Boston College juniors Max German and Jenna Mu have been named 2021 Truman Scholars by the Harry S. Truman Scholarship Foundation. The prestigious national awards support undergraduates who are committed to public service leadership.

Jenna Mu

Jenna Mu

Max German

Max German

German and Mu are among the 62 new Truman Scholars selected from 845 candidates nominated by 328 colleges and universities—a record number of applicants for the 46-year-old program. The scholarship supports the graduate education and personal development of standout undergraduates who display leadership potential, intellectual ability, and a strong record of public service.

BC, with 21 Truman Scholars since 1981, is among the fewer than 80 colleges and universities to have achieved the status of Truman Honor Institutions, chosen for their encouragement of outstanding young people to pursue careers in public services, effective promotion of the Truman program on their campuses, and sustained success in helping their students win Truman Scholarships.

Service is how I have fused this code into working towards change in my community. Living with the disease of alcoholism is an inflection point where I deepen the understanding and use that connection as common ground to the adversity of others.

Truman Scholar Max German ’22

German points to his enrollment at BC as yet another critical decision. Feeling confident enough to return and complete his studies at the community college he had been attending, German decided he wanted to continue his education. BC, with its emphasis on service and strong academics, greatly appealed to him: “I was able to broaden my horizons and further explore some of the big themes around public service.”

Associate Professor of Political Science Nasser Behnegar, who had German as a student in his Shakespeare’s Politics class, attests to the intellectual component in German’s formation. “What Max began to see from Shakespeare’s history plays in particular is that the motives of political figures are often shrouded in secrecy—a shroud that we can tear slowly, but surely, if one attends carefully to what they say and what they do and do not do.  He learned that to make a sound political judgment one must understand the political situation, which in turn requires meticulous observation. I think his encounter with Shakespeare made him into a sharper observer of human action and a more precise thinker and writer.”

German, who will graduate in December, plans to do a year of service through the AmeriCorps Vista program, then pursue a law degree as a means to break what he terms “systemic and structural barriers in our society that foster inequalities of all types.” Upon graduating from law school, he hopes to work for the American Civil Liberties Union, specifically in its criminal law reform division.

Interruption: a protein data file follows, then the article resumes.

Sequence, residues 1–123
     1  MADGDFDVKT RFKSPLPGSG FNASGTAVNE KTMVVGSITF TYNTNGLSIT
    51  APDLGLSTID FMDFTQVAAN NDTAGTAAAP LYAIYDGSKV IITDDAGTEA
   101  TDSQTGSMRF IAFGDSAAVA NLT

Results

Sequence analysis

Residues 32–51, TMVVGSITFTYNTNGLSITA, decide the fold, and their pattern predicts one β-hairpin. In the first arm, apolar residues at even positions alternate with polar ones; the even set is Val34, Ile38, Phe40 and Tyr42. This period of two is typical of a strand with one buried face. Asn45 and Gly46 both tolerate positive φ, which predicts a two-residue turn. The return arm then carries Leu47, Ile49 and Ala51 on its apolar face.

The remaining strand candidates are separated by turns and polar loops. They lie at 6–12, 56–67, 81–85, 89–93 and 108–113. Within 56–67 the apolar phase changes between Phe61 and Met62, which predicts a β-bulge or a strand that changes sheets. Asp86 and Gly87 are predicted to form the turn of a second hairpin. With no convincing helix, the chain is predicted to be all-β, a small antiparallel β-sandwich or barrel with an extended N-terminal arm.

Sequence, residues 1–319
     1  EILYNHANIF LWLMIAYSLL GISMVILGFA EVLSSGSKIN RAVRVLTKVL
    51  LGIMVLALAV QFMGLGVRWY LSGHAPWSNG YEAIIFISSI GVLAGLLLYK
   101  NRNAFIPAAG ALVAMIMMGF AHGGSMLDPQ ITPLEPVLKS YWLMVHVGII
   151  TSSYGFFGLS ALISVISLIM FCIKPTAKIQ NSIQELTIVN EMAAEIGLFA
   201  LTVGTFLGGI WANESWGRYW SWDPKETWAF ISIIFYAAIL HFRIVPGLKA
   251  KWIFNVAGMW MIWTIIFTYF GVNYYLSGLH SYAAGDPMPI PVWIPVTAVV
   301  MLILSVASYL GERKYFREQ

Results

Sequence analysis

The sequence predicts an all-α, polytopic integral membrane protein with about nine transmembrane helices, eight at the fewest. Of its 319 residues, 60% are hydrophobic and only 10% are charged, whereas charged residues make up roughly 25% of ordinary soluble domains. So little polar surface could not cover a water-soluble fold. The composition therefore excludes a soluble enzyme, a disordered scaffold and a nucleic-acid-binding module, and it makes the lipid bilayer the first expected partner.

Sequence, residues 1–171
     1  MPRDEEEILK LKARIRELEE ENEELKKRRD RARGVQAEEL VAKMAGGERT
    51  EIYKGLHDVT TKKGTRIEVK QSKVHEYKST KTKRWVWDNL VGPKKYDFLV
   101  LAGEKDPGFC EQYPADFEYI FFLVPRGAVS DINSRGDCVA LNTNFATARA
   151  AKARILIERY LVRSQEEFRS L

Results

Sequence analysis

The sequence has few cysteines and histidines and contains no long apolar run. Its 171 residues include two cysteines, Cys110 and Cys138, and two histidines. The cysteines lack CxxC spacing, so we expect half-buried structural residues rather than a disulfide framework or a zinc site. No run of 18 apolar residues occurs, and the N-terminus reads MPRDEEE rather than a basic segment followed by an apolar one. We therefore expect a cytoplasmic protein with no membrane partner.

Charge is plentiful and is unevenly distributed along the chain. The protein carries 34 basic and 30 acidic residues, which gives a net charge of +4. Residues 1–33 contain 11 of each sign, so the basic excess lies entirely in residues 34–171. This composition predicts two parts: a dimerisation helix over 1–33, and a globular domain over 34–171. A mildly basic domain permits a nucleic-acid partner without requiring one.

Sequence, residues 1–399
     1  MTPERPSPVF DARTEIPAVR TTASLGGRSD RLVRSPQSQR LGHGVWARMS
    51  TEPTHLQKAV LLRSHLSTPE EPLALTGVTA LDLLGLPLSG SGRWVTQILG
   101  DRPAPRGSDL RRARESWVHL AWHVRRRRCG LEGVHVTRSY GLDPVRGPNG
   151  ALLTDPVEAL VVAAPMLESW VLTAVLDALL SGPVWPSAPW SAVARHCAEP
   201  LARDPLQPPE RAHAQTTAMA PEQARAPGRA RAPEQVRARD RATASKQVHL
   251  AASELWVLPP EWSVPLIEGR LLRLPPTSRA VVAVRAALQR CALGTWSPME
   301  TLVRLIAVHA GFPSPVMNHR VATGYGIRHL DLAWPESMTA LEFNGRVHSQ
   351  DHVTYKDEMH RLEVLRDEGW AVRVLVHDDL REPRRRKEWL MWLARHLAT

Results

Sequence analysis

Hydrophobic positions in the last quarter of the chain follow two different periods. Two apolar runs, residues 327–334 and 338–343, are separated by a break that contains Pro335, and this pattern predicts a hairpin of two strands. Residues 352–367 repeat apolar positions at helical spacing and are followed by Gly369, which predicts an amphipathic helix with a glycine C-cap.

My parents have inspired me to think about ways in which I can serve other people. My older brother has done the same. He also attended Boston College and brought home its emphasis on cura personalis, nurturing and caring for others. They have all encouraged me to pursue my academic interests and to serve as many people as possible.

Truman Scholarship recipient Jenna Mu ’22

Mu credits BC faculty for guiding her in her academic pursuits and nurturing her professional interests. Besides Hayao, she cited Professor of Biology Philip Landrigan, M.D., director of the Global Observatory on Pollution and Health; Vice Provost for Global Engagement James F. Keenan, S.J.; Gabelli Presidential Scholars Program Director Kathleen Bailey; and Assistant Professor of the Practice of Biology Jeffrey DaCosta.

In addition to conducting research that has resulted in co-authorship of a report in a peer-reviewed journal, outside of Boston College Mu has worked as a research assistant at Creighton University School of Medicine and Harvard School of Dental Medicine, where she co-authored two policy briefs on the environmental impacts of dentistry. As a volunteer, she tutored teens through Boston’s Bridge Over Troubled Waters nonprofit and has mentored students through the Nebraska-based nonprofit Completely KIDS. This summer, she will work as a research assistant with the UN Environment Programme; next summer, she will spend eight weeks in Washington, D.C., at an internship focused on public health.

“Jenna has served as a Research Fellow in our Global Observatory on Pollution and Health within the program in Global Public Health,” said Landrigan. “Through this work, she developed case studies for inclusion in a major review of Human Health and Ocean Pollution. This report was released at an International Symposium on Ocean Health in Monaco on December 3, 2020 and published at the same time in the journal, Annals of Global Health. Jenna is named as an author on this publication.”

In addition to her BC experience and faculty mentors, Mu credits her family with supporting her interests in science, medicine, and serving others.

“My parents have inspired me to think about ways in which I can serve other people,” said Mu. “My older brother has done the same. He also attended Boston College and brought home its emphasis on cura personalis, nurturing and caring for others. They have all encouraged me to pursue my academic interests and to serve as many people as possible.”

This summer, German and Mu will meet their fellow 2021 Truman Scholars during an orientation session, traditionally held at the Truman Library in Independence, Mo.


 

Ed Hayward and Sean Smith | University Communications | April 2021